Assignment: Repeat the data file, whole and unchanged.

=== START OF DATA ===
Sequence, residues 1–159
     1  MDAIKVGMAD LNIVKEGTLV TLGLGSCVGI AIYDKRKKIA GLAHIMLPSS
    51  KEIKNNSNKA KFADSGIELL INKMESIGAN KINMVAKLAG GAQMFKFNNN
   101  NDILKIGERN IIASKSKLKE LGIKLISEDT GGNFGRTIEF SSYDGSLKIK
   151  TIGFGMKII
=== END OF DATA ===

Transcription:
Sequence, residues 1–159
     1  MDAIKVGMAD LNIVKEGTLV TLGLGSCVGI AIYDKRKKIA GLAHIMLPSS
    51  KEIKNNSNKA KFADSGIELL INKMESIGAN KINMVAKLAG GAQMFKFNNN
   101  NDILKIGERN IIASKSKLKE LGIKLISEDT GGNFGRTIEF SSYDGSLKIK
   151  TIGFGMKII